This genius hack fixes candle tunnelling with a kitchen essential everyone has at home

The dreaded candle tunnelling finally has an easy cure

Fireside scented candle collection
(Image credit: Future PLC/Jeremy Phillips)

Are you stuck in a rut because your best scented candle has tunnelled? We know how annoying candle tunnelling can be, especially because once it's happened, it’s very difficult to get rid of. But we just stumbled upon a rather genius hack solving how to fix candle tunnelling once and for all. 

What’s even better is that all it takes is a single kitchen essential that you’re sure to have in your cupboard already. Plus, while consulting our candle experts, we ended up coming across yet another clever idea about how to fix this issue that’s just as easy. Here’s what we found out...

How to fix candle tunnelling

A group of candles on top of a white table

(Image credit: Future PLC/Colin Poole)

If you’re here, you probably already know what candle tunnelling is. But on the off chance that you don’t or you’re not sure it’s a hole that forms around the wick or wicks in multi-wick candles. The surface of the wax is uneven as the sides remain raised.

So how can you fix it? Two words - aluminium foil. Instagram and TikTok are populated by videos like the one below by @hotelcollection talking about this genius hack of fixing candle tunnelling by wrapping the candle in foil. 

They first light the wick and then wrap foil around the outside of the candle holder, leaving some foil over the top (you want enough to fold, so this will depend on the size of your candle). Next, they fold the excess foil over the top, about two-thirds of the distance between the edge and the wick. It's a a gently crushed fold, rather than pushed down onto the wax itself – think loosely covering a tray in the oven, not a tight wrap.

Then just leave to burn for two to three hours and it will do its magic...



‘The aluminium foil hack is genius in my opinion – especially as a quick fix,’ says Stacia Prince, co-founder of candle brand Control & Chaos. ‘Simply just using foil will totally change the game for some people. It works a treat every time. Using aluminium foil definitely has been one of the best tricks I’ve heard to give your candle another life.’

But are there any downsides to this technique?

‘You'll need to be careful that the candle does not become overly 'hot' and cause you to have a much deeper melt pool than the candle was designed to have,’ warns Sophie Parker, founder of candle brand The Flora Lab

‘Not only is this an increased fire risk (if the candle gets knocked over), but you also run the risk of burning off more of the fragrance than intended, leading to poorer scent performance on subsequent burns.'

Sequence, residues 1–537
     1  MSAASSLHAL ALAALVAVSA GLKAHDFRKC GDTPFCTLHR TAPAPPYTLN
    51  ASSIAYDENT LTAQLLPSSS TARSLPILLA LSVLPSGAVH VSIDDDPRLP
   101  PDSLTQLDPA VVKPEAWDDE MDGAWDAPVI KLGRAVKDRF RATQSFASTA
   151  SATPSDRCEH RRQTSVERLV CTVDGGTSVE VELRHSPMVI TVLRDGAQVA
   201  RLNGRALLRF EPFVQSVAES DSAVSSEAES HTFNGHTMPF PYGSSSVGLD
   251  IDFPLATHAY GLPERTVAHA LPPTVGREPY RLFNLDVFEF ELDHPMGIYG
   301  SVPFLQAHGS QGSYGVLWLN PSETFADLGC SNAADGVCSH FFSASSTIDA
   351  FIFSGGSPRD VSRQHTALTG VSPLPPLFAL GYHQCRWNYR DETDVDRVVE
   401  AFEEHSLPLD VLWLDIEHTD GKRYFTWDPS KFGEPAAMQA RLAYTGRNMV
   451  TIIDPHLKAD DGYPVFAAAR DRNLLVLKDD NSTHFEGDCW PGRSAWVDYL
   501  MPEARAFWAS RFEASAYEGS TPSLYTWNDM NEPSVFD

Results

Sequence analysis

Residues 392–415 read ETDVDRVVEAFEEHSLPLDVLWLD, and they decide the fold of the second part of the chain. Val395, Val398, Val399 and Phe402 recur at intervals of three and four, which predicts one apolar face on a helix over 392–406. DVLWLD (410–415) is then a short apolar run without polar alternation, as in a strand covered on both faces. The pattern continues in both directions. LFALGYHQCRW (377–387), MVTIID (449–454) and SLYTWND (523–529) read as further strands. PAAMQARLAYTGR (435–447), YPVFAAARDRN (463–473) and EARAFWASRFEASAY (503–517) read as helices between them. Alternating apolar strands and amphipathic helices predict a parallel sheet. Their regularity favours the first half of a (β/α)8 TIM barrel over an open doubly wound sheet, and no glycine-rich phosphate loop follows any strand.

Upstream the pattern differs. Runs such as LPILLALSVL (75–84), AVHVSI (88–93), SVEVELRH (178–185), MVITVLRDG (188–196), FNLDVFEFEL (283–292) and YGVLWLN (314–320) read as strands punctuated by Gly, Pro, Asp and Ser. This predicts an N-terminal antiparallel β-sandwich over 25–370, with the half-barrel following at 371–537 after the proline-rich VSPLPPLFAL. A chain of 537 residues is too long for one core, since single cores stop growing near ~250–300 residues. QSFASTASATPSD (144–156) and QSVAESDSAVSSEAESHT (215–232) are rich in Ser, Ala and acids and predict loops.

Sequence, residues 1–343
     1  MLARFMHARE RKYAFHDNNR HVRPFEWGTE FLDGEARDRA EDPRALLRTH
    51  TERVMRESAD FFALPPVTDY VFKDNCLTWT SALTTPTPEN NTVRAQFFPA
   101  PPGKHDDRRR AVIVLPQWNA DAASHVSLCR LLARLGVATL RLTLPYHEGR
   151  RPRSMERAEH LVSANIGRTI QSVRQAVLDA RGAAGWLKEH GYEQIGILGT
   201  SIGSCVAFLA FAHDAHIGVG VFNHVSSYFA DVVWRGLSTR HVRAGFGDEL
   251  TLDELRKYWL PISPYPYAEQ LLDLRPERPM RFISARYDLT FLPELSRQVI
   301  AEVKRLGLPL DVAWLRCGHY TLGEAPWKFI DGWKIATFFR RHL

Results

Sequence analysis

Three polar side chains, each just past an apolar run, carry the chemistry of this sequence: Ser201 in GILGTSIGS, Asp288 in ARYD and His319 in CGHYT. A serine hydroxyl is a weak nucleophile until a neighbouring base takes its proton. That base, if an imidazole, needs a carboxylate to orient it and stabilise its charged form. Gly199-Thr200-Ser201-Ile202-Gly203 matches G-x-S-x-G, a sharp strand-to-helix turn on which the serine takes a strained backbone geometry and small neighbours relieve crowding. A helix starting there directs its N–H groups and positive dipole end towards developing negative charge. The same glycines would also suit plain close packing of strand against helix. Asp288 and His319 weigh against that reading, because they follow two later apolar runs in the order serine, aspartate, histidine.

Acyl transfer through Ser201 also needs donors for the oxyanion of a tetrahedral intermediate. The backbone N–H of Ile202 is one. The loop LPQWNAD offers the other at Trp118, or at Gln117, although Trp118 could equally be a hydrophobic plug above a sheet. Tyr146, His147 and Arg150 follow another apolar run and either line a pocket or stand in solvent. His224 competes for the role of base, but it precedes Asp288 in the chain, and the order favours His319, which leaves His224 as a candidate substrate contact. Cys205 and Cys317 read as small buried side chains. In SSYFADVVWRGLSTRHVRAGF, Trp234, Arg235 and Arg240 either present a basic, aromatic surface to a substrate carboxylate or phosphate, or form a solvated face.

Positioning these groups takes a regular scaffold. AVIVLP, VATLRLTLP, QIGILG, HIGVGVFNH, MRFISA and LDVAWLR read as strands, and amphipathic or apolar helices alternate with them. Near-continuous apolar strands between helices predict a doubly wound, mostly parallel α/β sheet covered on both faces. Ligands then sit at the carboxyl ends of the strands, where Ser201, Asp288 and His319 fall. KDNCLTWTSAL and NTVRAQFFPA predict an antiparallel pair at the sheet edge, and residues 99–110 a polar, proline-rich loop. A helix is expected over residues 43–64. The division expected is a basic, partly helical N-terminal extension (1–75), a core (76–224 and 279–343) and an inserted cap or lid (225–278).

Alternative technique

A vanity with a scented candle and a trinket dish with a watch

(Image credit: Future PLC/Colin Poole)

It turns out that the foil hack is not the only DIY idea around for fixing candle tunnelling as explained by our experts. Another way to even out your candle surface is by utilising your hairdryer.

‘The hairdryer method is also an alternative way to fix candle tunnelling,’ says Antonia Ogunsola, co-founder of Okiki Skincare, which also produces scented candles. 

‘Use a hair dryer to melt the wax around the candle, for safety cover your eyes with goggles and use newspaper on the floor as it can get messy. Use the hair dryer from afar and slowly move it closer to the wax. Gently heat the top surface of the candle at a appropriate distance.’

What is candle tunnelling caused by?

Fireside scented candle collection

(Image credit: The White Company)

‘Not letting your candle burn long enough will lead to candle tunnelling and it's nearly impossible to reverse once it starts,' explains Stacia. 'A candle has its own memory – if you just got a new candle and burnt it for just 20/30mins, there isn’t enough time for the wax to fully melt to the edges. This means next time you light the candle, the wax will almost remember this, and only burn to that same edge, again and again.'

But it’s not always your fault (even though most of the time it is!). Sometimes, the manufacturer is at fault as explained by Sophie. ‘Tunnelling in candles traditionally happens due to two reasons. Number one, your candle has been incorrectly wicked, with a smaller wick than is correct for the diameter of the candle jar.’ This usually occurs in cheap, mass-produced candles.

A tray with candles on a dining table

(Image credit: Future PLC/David Giles)

Prevention is always the best cure of course. As brands always share a recommended length of the first burn so that you’re burning candles evenly and avoid this very problem from ever occurring. 

‘It is key to make your first burn the longest,’ insists Poppy Wall, founder and creative director of Eym, a brand of natural candles, diffusers and fragrances. ‘We always suggest 2-3 hours. Also if the melt pool doesn't reach all sides of the glass, tilt the wick in the direction you want to burn, this always evens things out nicely.’

So no more butter knife scraping or pen poking into that uneven wax anymore.

News Writer

Sara Hesikova has been Ideal Home’s News Writer since July 2023, bringing the Ideal Home’s readership breaking news stories from the world of home decor and interiors, as well as trend-led pieces, shopping round-ups and more. Graduating from London College of Fashion with a bachelor’s degree in fashion journalism in 2016, she got her start in niche fashion and lifestyle magazines like Glass and Alvar as a writer and editor before making the leap into interiors, working with the likes of 91 Magazine and copywriting for luxury bed linen brand Yves Delorme among others. She feels that fashion and interiors are intrinsically connected – if someone puts an effort into what they wear, they most likely also care about what they surround themselves with.